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Adaptation to climate change in arid and semi-arid areas

Author(s): Insight from China and MENA region
Congress: 2008
Author(s):
Nathalie Rousset, LEPII, University Pierre Mendès France, Grenoble, France nathalie.rousset@upmf-grenoble.fr LEPII, BP 47 -38040 Grenoble cedex 9 – France; +33 (0)4 56 52 85 87; Fax +33 (0)4 56 52 85 71

Keyword(s): climate change - water - China - MENA region - adaptation - virtual water trade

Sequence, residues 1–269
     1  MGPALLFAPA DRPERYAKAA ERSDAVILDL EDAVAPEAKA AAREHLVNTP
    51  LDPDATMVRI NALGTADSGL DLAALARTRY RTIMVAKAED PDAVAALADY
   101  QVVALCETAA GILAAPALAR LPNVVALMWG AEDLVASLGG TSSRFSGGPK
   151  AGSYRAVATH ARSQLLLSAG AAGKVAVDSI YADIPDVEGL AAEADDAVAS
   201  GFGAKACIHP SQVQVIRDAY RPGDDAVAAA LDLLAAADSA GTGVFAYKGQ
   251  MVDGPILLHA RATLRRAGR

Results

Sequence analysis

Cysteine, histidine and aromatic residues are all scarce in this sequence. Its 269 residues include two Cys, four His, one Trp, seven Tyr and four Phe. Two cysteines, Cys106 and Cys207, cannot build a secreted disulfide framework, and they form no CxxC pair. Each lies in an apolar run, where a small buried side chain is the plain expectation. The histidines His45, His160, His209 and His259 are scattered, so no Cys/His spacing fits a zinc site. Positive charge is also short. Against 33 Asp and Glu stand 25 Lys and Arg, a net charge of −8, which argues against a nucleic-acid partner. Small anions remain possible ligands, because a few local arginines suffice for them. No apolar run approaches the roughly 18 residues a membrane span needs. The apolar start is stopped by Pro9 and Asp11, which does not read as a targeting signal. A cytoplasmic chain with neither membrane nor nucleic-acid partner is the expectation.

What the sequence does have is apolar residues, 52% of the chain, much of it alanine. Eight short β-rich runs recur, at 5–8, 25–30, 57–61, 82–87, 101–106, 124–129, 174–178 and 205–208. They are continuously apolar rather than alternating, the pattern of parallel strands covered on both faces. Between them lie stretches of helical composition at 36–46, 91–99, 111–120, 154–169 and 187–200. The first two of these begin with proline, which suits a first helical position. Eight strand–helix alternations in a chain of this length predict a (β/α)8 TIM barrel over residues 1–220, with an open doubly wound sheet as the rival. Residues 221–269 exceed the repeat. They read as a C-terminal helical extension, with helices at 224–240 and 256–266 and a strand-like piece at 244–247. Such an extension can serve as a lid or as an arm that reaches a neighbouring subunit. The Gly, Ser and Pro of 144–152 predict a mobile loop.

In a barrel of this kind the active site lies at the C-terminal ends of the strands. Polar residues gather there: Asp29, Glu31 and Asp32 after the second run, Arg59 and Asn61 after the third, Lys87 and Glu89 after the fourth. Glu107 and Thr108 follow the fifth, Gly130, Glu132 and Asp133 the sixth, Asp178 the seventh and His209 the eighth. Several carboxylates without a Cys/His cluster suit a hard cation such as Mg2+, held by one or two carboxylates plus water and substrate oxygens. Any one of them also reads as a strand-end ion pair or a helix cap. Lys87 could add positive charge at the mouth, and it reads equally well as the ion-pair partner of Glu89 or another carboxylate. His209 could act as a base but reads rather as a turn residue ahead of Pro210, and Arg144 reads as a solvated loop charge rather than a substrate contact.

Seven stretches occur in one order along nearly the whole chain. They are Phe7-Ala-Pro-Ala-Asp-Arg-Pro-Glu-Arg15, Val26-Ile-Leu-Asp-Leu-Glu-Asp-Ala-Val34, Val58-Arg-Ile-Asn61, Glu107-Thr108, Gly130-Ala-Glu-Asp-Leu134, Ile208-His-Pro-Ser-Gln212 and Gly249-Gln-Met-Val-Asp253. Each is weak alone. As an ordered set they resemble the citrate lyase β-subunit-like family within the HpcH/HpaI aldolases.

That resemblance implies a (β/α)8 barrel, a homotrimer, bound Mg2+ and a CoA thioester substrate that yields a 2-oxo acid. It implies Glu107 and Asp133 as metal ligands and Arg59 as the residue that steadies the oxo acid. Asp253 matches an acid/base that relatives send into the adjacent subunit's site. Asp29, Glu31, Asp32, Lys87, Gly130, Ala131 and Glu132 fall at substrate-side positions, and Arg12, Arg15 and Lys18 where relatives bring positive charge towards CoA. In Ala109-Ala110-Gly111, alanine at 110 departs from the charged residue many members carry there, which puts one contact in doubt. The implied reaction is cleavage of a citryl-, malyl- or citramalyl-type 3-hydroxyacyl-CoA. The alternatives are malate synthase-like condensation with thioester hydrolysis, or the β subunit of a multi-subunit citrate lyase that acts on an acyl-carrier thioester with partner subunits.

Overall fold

AbstractMAGICC model estimates that the temperature will increase by 2 or 3°C between 2000 and 2050 and that precipitation patterns will be deeply perturbed. The tendency towards the decrease in rainfall is particularly strong in North Africa where the rainfall levels might drop from 10 to 30% by 2050. The water and agricultural sectors in North China and MENA region also appear to be particularly vulnerable to these negative evolutions. Climate change might seriously amplify the ongoing dynamics of increasing water deficits in the agricultural sector. Agroclimatic models indicate that the combination of more limited water and soil resources causes strong reductions in grain yields in North China and North Africa. This article points out that the successful adaptation to climate change in these two regions consists of implementation of a water policy centered, in a structural manner, on the increasing scarcity of this resource. Such a proactive strategy would reduce climate change impacts and adaptation costs while answering immediate issues. An evaluation method of alternative adaptation strategies is exposed. The objective is to transcend the traditional economic framework of cost-benefit analysis in order to propose a multicriterion method more suitable with the challenge of climate change. It combines the criterias reflecting their relative capacity to reduce the impacts, their economic efficiency by comparing their respective costs and benefits, their degree of flexibility reflecting their robustness in face of uncertain future climatic conditions, their degree of compatibility with existing institutions, and finally, the co-benefits which they would get independently of climate change. Four types of adaptation options are analyzed and evaluated: the acceleration of mobilization of new conventional water resources by constructing dams and implementing interregional transfers, the expansion of mobilization of unconventional water by developing the desalinization of sea water, the improvement of demand side management and water savings in various sectors, and finally, the promotion of “virtual water trade “, which implies structuring of imports and exports according to the water contents of commodities. The results highlight the challenges associated with various potential combinations of adaptation options to climate change for economic development of these areas. A particular attention is given to the imports of virtual water strategy based on the trade of agricultural products. It is shown that Chinese and Maghrebian socioeconomic conditions are particularly favourable to the implementation of such a strategy, which is not the case of other areas in the world like Sub- Saharan Africa. The compatibility of virtual water trade strategy with IWRM framework is underlined as well.
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